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Philosophy of Teaching & Learning

My philosophy of teaching and learning has been molded and remolded my entire life, between different

schools and teachers and systems of learning. Though I’m sure this philosophy will take new forms year

after year, there are some basics that serve as the foundations to my professional perspective. Although

I’m joining the profession because I love the subject I teach, I’m also joining because I had experiences

with my own teachers, who genuinely cared for me and made me feel seen and heard, that I wish to

replicate in a classroom of my own. The values that I carry with me from these experiences include

strong personal connections, students’ ability to independently and fearlessly produce the language, and

teaching methods that both motivate learners and create true understanding of the content.

Creating personal connections with every student and fostering a sense of community in my classroom

are vital components of my teaching practice. I strongly believe in leaving no one behind, and there are

various ways that I can let students know I’m here for them. Simple gestures like remembering students’

birthdays and the things that make them smile come easily to me—but it is the more difficult work, like

approaching a student who seems down or who I know is going through a hard time, that really counts

in the end. This is the work that made a difference in my own education, and I will continue to be the

cheerleader my students need not only by checking on them, but by giving them frequent positive

feedback for good or improved effort, celebrating the achievements they accomplish both in and outside

of my classroom, and letting them know with verbal praise or personalized notes when they have done

something especially well.

It is my desire to create an environment where students care more about language mastery than they do

about getting perfect grades on each assignment, as this attempt at mastery begets personal

achievement. They are already used to rote memorization of facts for science or history or math, but

language is interactive and should be handled as such. I happily encourage mistakes and fearlessness in

my classroom, because there is no better way to learn than by putting yourself out there and embracing

failure. This culture of resilience is cultivated by giving positive reinforcement for every attempt at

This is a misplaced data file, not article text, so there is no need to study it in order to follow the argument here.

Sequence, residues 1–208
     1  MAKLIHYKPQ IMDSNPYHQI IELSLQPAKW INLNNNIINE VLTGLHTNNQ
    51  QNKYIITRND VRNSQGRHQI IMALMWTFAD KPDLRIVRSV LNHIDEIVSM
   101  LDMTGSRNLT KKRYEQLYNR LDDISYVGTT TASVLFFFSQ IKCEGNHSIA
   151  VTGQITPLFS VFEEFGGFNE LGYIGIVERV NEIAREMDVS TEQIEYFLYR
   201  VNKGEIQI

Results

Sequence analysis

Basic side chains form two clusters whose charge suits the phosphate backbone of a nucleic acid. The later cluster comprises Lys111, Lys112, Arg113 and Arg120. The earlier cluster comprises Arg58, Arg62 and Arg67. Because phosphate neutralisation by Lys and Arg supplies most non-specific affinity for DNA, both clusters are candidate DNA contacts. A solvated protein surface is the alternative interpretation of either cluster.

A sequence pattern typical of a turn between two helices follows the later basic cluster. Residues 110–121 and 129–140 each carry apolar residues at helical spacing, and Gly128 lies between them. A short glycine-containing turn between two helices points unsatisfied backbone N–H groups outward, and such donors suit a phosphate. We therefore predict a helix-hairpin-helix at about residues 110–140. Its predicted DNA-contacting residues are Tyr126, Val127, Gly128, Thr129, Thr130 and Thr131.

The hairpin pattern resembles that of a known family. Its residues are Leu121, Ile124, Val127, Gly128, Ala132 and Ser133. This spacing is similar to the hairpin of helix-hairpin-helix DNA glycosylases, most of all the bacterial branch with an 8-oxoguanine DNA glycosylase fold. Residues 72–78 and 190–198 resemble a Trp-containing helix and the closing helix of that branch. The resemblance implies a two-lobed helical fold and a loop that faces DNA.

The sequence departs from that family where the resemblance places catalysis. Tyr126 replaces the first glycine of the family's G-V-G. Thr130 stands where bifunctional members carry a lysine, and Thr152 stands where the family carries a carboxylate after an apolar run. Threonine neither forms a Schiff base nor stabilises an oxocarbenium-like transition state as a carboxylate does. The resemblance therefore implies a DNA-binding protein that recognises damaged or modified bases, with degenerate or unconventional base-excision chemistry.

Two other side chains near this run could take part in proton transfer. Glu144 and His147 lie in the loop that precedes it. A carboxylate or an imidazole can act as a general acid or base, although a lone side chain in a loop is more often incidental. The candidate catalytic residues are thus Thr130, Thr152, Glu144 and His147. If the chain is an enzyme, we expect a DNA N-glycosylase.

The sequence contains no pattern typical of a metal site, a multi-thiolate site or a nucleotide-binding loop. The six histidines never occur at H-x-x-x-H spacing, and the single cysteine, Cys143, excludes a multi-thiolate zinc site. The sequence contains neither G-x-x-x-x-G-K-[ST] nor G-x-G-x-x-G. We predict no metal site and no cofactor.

communication, as many students count themselves out once they’ve made an error in front of others.

Students are also made aware that I, too, make mistakes in the target language, but that I see each

mistake as an opportunity to improve my skills. Communicative interactions are facilitated with my

guidance, like starting class with a habitual activity called Dime, dime! in which students use either

written or verbal communication to answer a prompt, and keeping that momentum going throughout the

class period by using popsicle sticks to call on every student by the end of each class period for various

tasks like sharing the answers to a worksheet or explaining what they know about a grammar point.

Additionally, paired and group speaking exercises are commonplace so that they can experience growth

as a team. There is no better way to learn a language than by speaking it with others!

While I am a self-proclaimed grammar nerd, I am aware that many world language educators are making

the shift towards Comprehensible Input (CI) classrooms that value vocabulary comprehension over

explicit grammar instruction. I believe in giving students the best of both worlds! While I do utilize explicit

instruction, I have also made use of CI methods with books like Robo en la noche by Kristy Placido and

Soñar un crimen by Rosana Acquaroni, as well as modified Integrated Performance Assessments (IPAs)

that check comprehension of various texts like videos, infographics and news articles. I believe that

Comprehensible Input is a wonderful way of motivating students to absorb and work with the target

language because it can easily be achieved with themes that are relevant to their lives, and there are a

variety of text types to work with. I use this method in tandem with grammar instruction partially

because I just think grammar is fun, but also because it is important that my students understand the

rules of the language. In the long run, I truly believe that they will be better for this combination of